Home teams still have the edge in 50-over cricket Cricket | spcilvly

After winning the first two World Cups in the 1970s, the West Indies were a formidable ODI team. With their explosive batting line-up and blistering attack, in the 1980s the Caribbean team was more unbeatable at home than any other team in any other decade in the history of one-day international cricket, winning 89% of their matches at home. home. South Africa hit the ground running when it joined the 50-over format in 1991 and won 69% of the games it hosted in the 1990s. This century, Australia has consistently been the team to beat at home, and India and New Zealand have also improved their home record decade after decade.

India's Ravindra Jadeja celebrates with his teammates on the wicket of Australian batsman Alex Carey during the ICC Men's Cricket World Cup match between India and Australia (PTI) PREMIUM
India’s Ravindra Jadeja celebrates with his teammates on the wicket of Australian batsman Alex Carey during the ICC Men’s Cricket World Cup match between India and Australia (PTI)

But is it simply because of home field advantage or is a great team great wherever it is? When the West Indies were beating everyone in their backyard forty years ago, they were also ruining the summers of home fans wherever they went in the world, winning 71% of the time they were away from home; because they were a formidable team at that time and the place they were playing didn’t change the fact that they had a good chance of winning an ODI match.

As cricket has evolved, numerous aspects have come into play that could diminish the home advantage theory. For example, data, video analysis, live broadcast coverage, physiology training for different climates and altitudes; but putting all this theory-based knowledge aside, in more recent years, in the era of a rapidly expanding franchise cricket calendar, the best players are not only learning to play on different continents through cheat sheets. calculation and videos, but they are also experiencing the conditions. first-hand, playing cricket all over the world, all year round. Although in the shortest format, players continually adapt their batting and bowling skills in different conditions, both with and against the other best players in the world. The Indian Premier League (IPL) had led the way by offering players the opportunity to play in major stadiums in India for up to two months a year.

With the exponential growth of the T20 franchise program around the world, and with fewer “secrets” and surprises in the modern world of cricket about what a player or team will face away from home, there must come a time when the advantage of playing at home will be considerably diluted compared to when players would only experience a country’s conditions once every three or four years when touring the country. This Australia World Cup team alone has over 500 IPL appearances, with Warner, Maxwell and Smith playing over 100 IPL games each.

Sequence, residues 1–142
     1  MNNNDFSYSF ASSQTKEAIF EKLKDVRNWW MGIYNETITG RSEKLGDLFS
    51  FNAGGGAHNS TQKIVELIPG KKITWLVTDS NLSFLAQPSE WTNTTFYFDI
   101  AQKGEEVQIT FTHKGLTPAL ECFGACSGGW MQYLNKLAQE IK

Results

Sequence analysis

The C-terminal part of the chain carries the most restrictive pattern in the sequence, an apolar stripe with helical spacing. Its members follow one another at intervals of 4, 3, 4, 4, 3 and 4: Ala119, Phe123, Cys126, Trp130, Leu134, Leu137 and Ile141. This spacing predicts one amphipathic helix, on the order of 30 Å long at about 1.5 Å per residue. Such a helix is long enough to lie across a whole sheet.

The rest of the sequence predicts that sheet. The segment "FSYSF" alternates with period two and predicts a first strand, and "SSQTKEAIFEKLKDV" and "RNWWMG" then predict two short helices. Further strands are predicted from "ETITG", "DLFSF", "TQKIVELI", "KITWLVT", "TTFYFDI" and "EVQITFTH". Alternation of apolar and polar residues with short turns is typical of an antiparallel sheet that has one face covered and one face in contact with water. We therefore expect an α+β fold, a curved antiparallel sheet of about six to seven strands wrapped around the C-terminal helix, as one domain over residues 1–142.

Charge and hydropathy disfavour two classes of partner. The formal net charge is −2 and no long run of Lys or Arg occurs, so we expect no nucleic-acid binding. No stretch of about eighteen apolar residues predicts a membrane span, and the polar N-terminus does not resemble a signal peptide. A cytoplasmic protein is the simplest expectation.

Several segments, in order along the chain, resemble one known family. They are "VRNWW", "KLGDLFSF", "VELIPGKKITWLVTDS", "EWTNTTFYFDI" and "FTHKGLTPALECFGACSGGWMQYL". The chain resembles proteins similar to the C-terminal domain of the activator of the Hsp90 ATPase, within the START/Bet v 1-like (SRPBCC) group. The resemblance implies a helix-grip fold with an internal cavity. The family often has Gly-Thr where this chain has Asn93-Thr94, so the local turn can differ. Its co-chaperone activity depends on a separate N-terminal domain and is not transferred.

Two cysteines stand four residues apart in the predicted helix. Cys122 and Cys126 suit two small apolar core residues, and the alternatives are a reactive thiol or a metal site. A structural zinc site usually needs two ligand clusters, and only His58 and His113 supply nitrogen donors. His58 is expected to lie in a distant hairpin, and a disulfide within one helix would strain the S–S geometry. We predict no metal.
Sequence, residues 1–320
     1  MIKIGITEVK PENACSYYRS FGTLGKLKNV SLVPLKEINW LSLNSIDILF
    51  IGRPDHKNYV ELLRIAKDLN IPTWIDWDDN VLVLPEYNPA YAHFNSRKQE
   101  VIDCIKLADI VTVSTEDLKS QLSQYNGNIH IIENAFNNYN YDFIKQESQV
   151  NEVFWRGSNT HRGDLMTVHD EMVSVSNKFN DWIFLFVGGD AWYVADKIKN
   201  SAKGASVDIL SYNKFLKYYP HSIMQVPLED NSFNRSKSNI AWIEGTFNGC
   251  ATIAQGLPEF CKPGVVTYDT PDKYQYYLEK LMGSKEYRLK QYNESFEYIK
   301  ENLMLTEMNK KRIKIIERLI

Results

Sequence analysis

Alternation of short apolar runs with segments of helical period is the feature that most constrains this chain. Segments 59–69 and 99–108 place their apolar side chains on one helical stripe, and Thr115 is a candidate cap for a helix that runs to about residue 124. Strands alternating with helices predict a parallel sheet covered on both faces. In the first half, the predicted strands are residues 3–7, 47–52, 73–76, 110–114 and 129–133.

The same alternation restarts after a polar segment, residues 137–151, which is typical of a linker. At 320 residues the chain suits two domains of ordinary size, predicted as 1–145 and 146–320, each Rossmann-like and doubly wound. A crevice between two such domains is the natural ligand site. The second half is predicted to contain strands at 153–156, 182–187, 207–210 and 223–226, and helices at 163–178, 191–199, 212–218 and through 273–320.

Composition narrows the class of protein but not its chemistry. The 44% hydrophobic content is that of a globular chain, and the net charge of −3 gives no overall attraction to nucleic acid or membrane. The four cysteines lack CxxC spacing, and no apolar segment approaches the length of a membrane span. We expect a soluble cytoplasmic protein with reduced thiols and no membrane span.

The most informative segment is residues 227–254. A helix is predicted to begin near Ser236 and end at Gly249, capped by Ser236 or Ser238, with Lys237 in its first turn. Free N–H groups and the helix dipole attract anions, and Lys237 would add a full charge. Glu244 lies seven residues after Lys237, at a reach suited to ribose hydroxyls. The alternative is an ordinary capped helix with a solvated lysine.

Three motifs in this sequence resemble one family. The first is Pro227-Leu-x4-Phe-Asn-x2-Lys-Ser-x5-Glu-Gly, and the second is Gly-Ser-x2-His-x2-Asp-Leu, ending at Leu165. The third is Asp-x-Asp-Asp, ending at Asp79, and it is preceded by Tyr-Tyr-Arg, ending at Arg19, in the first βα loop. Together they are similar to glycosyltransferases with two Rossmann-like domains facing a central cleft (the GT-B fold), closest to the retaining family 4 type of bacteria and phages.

However, that theory doesn’t seem to have transferred to the over-50 game yet. The superiority of the home teams in the longest format remains very evident, and the last three World Cups have demonstrated this with the hosts lifting the trophy. So unlike the almost impenetrable West Indies team of the 1980s, the most dominant ODI teams of this century have been more comfortable playing at home. India, New Zealand and Australia have continued to improve their home ODI performances over time: the current World Cup hosts have won 19 of their last 25 ODI matches in India, while their away record has stagnated. or significantly decreased.

When it comes to this World Cup, there is only one host and with India being one of the most experienced countries in the tournament, many consider it the favourite. They will look to continue the recent pattern of emerging champions from the host country. However, once the 45-match group stage is over, anything can happen in the qualifiers, as India, which was eliminated in the semifinals of the last two World Cups, knows well.

New Zealand and Australia will be desperate to alter the script and have traveled to the World Cup with a talented and highly experienced squad, full of players who know how to win ODIs. England, despite their poor recent form in India (33% wins in the last decade) and the huge defeat in the opening match in Ahmedabad on Thursday, are the champions to be dethroned. South Africa should also be a team to watch, because despite their injury and replacement issues since announcing their original 15-man squad, they have the best winning percentage in the longest white-ball format of any visiting team. in India. in the last decade, winning 62% of the matches.

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